It sounds more portentous in French, but we’re talkin’ somebody’s garage in Scranton, Pennsylvania that was built in pretty high Doric Greek style. I’ll be astonished (and delighted) if anyone who reads this can think of—or send a photo of—another in the U.S.A.
The garage, now seemingly on the verge of collapse, was built as an outbuilding of a house which is still well kept. A well informed friend states that there is a large rotating disk in the floor of the garage, Bat-cave-style, that once spun the owner’s car about so that it always left the garage moving forward.
So, the Doric. I’ll gently guide you to my essay on the Doric corner problem, which will teach you about the Doric while focusing on an instability in the rules of that order. It turns out that a change in the building materials the ancient Greeks used, from wood to stone, made it impossible to conform simultaneously to the two main rules for what goes where in the Doric. This is the ‘corner problem,’ and there was no way to resolve it except by fiat.
If you read that essay you’ll see that the façade of the garage dorique “solves” the problem the way the Greeks preferred, by moving the last triglyphs out to the corner and just accepting that they could not be centered over the final columns. That’s the way the Greek architect arranged things in figure 3. The house associated with our garage solves the problem in the Roman way, by just sliding the last triglyphs in over the column centers. The mausoleum in figure 2 does this, too.
In a “by-the-book” Doric façade, there would be two more columns, one under the triglyph at each side of the basketball hoop backboard. There would thus be one triglyph between each pair of columns, and one centered (to the extent possible) over each individual column. Of course, these folks wanted a garage, and a car needs rather more than a single standard intercolumniation to get in and out.
American Doric regularly switches things up to respond to real-world needs. Figure 2 shows a gilded-age plutocrat’s landmark, top-o’-the-line Doric mausoleum in Winchester, Virginia. To get caskets in, the architect added one triglyph so that there is an even number between the central columns, doubling their gap. Our garage’s architect needed even more space, so he eliminated two whole columns while leaving the triglyphs alone (see that both garage and mausoleum have even numbers of columns, but the garage has an odd number of triglyphs, with one centered).
Yet the garage’s architect knew the Doric and gave the pediment the squat proportions of the best examples, as did the Rouss mausoleum architect. The roofline of the pediment has a low pitch (a shallow slant) which is good practice, and see! the columns on the garage swell visibly from their centers down instead of having linear profiles. The mausoleum’s columns do that, too. Both architects pulled out the stops to get this swelling, or ‘entasis,’ right: those kinds of curves required costly hand cutting to one-off measurements. Columns with linear profiles could have been cheaply machine cut. The garage’s red ceramic roof tiles are also a nod to classical style.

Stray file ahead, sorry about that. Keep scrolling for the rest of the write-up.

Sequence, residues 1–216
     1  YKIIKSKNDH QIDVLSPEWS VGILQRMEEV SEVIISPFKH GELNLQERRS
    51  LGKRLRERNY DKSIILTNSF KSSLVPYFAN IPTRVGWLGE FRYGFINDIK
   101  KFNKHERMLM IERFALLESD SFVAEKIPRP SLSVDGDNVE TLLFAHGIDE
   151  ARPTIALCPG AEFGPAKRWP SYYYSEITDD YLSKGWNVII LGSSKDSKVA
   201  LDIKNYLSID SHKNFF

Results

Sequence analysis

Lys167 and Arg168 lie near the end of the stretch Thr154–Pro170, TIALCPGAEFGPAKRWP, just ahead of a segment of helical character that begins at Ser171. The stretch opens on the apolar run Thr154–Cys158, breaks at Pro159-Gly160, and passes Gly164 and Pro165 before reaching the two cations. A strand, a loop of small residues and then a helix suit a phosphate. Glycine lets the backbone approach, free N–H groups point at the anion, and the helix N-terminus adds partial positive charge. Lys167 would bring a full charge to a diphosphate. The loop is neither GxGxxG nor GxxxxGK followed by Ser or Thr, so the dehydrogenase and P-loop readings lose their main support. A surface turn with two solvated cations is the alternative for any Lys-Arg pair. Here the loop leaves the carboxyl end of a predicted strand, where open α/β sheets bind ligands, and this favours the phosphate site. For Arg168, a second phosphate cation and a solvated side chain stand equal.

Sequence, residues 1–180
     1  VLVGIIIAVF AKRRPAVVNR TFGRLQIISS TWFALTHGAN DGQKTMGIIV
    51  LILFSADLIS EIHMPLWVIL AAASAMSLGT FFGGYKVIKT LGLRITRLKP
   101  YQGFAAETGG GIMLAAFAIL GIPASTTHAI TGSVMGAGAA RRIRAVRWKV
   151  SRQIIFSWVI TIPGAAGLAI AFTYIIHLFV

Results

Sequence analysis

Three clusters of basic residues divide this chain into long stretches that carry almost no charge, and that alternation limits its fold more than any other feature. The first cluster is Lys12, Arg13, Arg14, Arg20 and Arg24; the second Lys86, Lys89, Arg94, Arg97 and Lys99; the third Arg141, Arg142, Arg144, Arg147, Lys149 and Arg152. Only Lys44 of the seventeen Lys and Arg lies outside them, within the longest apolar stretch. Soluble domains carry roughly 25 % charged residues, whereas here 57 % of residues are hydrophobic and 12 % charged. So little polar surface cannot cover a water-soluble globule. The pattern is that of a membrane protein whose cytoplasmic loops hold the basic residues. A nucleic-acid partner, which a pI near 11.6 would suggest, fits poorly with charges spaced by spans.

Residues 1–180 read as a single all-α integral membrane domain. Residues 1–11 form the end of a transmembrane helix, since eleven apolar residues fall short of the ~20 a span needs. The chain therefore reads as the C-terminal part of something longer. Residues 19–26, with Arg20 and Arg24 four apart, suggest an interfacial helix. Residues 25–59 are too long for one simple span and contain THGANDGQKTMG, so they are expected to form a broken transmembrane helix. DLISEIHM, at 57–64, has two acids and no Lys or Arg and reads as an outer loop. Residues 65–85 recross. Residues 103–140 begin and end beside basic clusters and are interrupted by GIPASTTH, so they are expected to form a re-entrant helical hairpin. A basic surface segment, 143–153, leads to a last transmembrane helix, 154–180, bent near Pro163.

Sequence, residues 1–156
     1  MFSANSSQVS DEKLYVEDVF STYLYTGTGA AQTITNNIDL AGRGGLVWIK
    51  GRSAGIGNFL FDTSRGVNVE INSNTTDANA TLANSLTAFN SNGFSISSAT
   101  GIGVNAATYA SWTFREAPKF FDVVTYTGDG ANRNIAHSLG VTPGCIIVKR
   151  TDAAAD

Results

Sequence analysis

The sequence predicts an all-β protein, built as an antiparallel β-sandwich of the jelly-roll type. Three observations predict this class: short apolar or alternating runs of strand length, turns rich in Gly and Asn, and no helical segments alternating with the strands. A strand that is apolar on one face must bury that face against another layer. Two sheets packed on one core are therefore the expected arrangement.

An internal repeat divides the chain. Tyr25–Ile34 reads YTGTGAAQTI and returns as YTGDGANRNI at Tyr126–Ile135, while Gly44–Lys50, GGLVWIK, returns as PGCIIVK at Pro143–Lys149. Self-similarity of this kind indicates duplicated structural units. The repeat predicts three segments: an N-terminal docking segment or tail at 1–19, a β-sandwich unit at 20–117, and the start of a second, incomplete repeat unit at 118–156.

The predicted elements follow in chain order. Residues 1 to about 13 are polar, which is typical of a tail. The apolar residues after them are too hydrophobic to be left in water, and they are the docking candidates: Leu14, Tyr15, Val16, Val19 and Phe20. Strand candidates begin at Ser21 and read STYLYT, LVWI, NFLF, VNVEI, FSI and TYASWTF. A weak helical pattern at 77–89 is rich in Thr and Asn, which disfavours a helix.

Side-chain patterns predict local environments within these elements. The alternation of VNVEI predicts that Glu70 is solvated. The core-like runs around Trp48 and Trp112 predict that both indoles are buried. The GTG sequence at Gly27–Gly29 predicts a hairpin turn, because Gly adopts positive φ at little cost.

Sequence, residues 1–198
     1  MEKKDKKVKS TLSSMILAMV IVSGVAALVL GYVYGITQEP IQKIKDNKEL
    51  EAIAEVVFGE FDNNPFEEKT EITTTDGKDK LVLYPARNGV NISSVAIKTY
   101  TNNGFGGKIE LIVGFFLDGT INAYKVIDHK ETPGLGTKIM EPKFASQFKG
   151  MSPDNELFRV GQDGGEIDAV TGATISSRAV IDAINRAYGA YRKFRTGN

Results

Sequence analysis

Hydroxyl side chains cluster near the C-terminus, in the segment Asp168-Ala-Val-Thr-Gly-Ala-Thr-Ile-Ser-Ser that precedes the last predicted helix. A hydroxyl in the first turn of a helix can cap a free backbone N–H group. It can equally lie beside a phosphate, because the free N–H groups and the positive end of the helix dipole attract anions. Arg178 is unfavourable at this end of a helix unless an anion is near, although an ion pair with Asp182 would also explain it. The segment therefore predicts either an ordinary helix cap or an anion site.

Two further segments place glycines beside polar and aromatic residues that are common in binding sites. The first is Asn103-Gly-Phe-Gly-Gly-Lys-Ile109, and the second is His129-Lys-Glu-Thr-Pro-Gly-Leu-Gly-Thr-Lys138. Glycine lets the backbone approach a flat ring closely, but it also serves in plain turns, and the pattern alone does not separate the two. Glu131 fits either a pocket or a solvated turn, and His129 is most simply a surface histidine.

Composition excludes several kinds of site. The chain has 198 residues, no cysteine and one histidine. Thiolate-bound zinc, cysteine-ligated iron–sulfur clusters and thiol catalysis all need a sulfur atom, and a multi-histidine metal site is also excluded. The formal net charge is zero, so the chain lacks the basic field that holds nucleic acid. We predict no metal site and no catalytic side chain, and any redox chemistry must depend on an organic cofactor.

Unfortunately, time and chance have put the garage’s columns out of alignment. The rightmost column has been replaced by a plywood rectangular brace.
So what about this garage dorique? It reveals how strongly the American middle class once relied on the câchet conferred by the cultural authority of the classical world. The use of high Doric in a garage is only somewhat more eccentric than copying the sarcophagus of Scipio Barbatus in the Vatican Museums in one’s funerary monument. To say that such a respect for classical styles (and faith in their ability to confer status) is unlikely to be felt today would be a vast understatement.
I read somewhere that on his way out of office President Trump wishes to decree that new federal building projects should all be executed in classical styles. While I very much like the classical style, it’s dead today, and there’s no bringing it back.
Only plutocrats can afford the hand-craftsmanship that such architecture demands, and we don’t produce craftsmen of the sort we need any more in anything like the requisite numbers. I’ve written about how lousy even very expensive classical mausolea look when they’re eked out at quality standards south of what plutocratic funding can provide. Monuments and mausolea designed to be machine-made are almost always risibly bad. Frank Lloyd Wright once wrote about a viable ‘arts and crafts of the machine,’ but a ‘classics of the machine’ is a hopeless proposition.
Even supposing the plutocrats with all their money want to revive classical architecture, they can’t have it. The original was designed in a different world animated by the ideals and energy of the ancient Greeks (and Romans). It takes an effort of will to try to recreate works like theirs, and when we do so, our works tend to come out cold and academic. Our Scipionic sarcophagi and Doric garages are at best clever, learned calques or pastiches of the originals. If we don’t immediately fall in love with the styles of our own day, at least they’re living styles organically evolving in the hands of artists striving for originality.
On the other hand, when the world gives you a gift of (just think of it!) a garage earnestly built in a style originally thought fitting for the highest human artistic and architectural aspirations, you must take a step back and thank the spirit of the universe.